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I wanted to compile your arrangement to test, and above all to use, because I needed it (although not urgently).
I don't know why I didn't get compile. (Linux mysteries)

Then I realized that I could edit Qtractor.conf directly, and I shared the variable in case someone else wanted to configure it that way (without having to recompile Qtractor).

--- Info extra---

"what's this really about?"
There really is an underlying issue. I share it because it is something that I really think needs to be commented on, but of course I am not forcing anyone to read it.
It has nothing to do directly with Qtractor, but Qtractor is affected.

_We have a problem, and it is UNIX mode_
The hierarchical organization of Unix files is a great absurdity, and that causes problems.
I have already commented on these types of problems before in this forum (problems when sharing plugins, problems when creating your own file organization for a custom workflow...).
I knew those problems were there, but I didn't know the origin, I finally realized: UNIX mode.

Dismember the app identity into "bin", "etc", ".config", "share" is not functional.
And worse, it leaves "shared" resources out of reach of the user under administrative permissions. That "share" requires administrative permissions is a paradox in concept.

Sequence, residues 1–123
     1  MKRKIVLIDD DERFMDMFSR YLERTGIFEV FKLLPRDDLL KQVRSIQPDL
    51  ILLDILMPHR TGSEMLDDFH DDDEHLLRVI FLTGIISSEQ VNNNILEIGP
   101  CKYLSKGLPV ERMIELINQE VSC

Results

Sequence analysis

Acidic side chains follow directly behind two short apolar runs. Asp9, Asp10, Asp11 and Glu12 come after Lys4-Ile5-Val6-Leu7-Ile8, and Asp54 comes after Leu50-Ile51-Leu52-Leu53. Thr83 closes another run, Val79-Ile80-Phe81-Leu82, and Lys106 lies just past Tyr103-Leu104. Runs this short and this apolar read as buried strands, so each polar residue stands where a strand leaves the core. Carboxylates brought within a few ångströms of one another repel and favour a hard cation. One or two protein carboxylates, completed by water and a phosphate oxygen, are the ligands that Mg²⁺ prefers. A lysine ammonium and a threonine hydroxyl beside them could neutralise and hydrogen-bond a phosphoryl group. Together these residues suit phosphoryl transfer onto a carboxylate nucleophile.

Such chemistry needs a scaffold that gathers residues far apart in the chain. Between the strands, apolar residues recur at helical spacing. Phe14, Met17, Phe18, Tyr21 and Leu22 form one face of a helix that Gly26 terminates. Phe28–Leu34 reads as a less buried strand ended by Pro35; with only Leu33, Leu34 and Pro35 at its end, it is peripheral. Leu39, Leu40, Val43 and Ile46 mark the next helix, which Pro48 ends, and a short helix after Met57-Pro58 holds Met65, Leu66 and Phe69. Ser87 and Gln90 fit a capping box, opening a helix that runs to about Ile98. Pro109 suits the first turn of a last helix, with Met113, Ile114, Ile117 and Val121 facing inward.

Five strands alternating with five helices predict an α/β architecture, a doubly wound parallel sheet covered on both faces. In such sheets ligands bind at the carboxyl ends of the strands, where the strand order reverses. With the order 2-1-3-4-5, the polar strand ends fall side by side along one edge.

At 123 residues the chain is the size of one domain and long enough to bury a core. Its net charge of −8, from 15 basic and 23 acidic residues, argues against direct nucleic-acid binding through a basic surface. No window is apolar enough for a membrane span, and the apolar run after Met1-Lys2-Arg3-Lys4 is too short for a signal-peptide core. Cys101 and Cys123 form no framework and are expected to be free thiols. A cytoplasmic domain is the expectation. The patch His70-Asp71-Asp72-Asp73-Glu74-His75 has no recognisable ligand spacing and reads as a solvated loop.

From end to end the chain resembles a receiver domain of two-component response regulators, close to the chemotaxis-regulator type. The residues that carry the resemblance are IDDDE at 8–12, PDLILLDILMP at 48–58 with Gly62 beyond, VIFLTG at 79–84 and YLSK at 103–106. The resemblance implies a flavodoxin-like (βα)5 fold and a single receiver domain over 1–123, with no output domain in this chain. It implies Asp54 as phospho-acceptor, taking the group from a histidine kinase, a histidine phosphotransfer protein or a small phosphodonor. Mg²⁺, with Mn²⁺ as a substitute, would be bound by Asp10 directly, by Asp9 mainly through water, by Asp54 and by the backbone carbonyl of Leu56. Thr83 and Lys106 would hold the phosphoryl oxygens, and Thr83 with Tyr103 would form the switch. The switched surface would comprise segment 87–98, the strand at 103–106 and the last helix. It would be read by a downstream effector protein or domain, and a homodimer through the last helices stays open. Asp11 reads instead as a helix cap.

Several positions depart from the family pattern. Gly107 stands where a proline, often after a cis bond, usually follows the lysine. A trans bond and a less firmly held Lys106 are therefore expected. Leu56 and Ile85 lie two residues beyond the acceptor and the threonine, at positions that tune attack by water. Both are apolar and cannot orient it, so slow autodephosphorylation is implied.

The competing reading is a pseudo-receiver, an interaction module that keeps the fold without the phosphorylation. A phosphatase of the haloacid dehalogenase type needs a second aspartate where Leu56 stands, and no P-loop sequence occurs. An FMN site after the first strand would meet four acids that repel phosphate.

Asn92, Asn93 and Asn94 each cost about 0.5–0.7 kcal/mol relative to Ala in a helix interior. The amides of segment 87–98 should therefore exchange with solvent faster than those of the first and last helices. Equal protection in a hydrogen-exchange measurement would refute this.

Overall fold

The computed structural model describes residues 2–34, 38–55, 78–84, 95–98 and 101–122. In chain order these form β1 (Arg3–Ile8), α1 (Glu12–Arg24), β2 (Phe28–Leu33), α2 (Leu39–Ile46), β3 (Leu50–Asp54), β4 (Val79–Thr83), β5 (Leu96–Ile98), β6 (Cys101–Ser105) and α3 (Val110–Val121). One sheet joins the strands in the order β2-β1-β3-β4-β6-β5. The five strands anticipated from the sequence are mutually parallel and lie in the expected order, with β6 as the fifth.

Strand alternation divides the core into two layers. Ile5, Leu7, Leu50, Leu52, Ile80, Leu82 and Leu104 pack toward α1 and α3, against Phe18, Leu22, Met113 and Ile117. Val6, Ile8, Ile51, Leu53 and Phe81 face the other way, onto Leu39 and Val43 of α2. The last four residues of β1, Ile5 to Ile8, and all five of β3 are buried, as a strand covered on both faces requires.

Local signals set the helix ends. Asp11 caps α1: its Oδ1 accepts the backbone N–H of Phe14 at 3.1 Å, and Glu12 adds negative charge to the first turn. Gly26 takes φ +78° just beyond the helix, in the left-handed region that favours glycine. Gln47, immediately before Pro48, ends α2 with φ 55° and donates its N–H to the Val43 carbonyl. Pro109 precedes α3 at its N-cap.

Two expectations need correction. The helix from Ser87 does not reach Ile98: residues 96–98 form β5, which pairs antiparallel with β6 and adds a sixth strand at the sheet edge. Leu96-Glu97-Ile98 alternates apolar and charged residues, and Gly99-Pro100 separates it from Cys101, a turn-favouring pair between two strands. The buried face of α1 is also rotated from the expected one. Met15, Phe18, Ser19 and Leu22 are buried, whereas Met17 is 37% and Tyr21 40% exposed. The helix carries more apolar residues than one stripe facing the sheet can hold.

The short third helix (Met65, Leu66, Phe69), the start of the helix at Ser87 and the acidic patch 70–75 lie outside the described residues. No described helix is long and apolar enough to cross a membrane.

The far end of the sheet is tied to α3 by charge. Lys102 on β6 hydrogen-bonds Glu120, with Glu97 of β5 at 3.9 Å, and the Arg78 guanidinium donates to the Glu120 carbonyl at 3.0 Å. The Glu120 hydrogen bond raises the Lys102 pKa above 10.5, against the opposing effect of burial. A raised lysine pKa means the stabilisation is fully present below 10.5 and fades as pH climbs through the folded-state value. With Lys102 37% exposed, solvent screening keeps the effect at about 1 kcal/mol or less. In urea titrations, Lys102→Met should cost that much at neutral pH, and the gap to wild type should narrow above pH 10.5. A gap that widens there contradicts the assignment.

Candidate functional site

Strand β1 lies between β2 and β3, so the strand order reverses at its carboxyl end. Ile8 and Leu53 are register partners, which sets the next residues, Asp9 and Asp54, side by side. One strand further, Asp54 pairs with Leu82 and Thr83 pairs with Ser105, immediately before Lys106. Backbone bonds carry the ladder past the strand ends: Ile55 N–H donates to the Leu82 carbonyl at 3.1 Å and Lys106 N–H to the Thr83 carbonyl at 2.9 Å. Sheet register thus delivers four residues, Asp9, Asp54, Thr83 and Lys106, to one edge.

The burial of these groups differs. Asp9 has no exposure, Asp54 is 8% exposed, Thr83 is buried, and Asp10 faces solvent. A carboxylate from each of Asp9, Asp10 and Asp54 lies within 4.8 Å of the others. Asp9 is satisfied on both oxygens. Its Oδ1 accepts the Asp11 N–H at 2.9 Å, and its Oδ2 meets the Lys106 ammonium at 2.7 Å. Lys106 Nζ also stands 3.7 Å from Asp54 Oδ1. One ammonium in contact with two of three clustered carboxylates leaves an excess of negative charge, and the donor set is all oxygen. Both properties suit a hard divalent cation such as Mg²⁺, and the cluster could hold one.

It makes it difficult and even prevents the user from locating and establishing their own organization.

Due to this nonsense, some programmers choose to save the resources of their programs in the user path in hidden!!! folders, others in the personal documents folder, others in the local .var, o .local or .config folders... Total chaos. (hidden!!!: Hiding doesn't help either.)

There are some initiatives that try to provide a solution:
- Appimages: Hiding the app's resources in a Zip doesn't seem like a solution to me.

- HelloSystem: A FreeBSD distro from the same author of Appimages that recreates Apple's System7 experience. I think it (like System7 and MacOX) have the same problem as Appimages.

- GoboLinux: I think it is a successful proposal, but it is still far from being friendly.

(It is curious that perhaps Windows is the one that has the most accurate and free file organization.
Programs maintain an identity with their resources, their configurations, and are traceable.
User programs are differentiated from system applications.
Installable with a graphical interface that allows you to decide where to install, without conflicting with anything...)

_It's not a complaint, it's just a statement of a problem_
I can't create a Linux distribution that solves all this, I lack knowledge and resources.
I would be at the same point as GoboLinux, I would have to create installables (in my case with a Windows-style graphical interface) for the thousands of existing programs and maintain them. That is a task that requires many people.

What I can do is try to find solutions so that my user's file structure is the least dependent and most free. Also share my progress.

I can also report the problem, because until recently I was aware of its consequences, but not its origin.
Being aware of the root problem is the only way to find true solutions, and not patches.
We have a problem, and it is UNIX mode.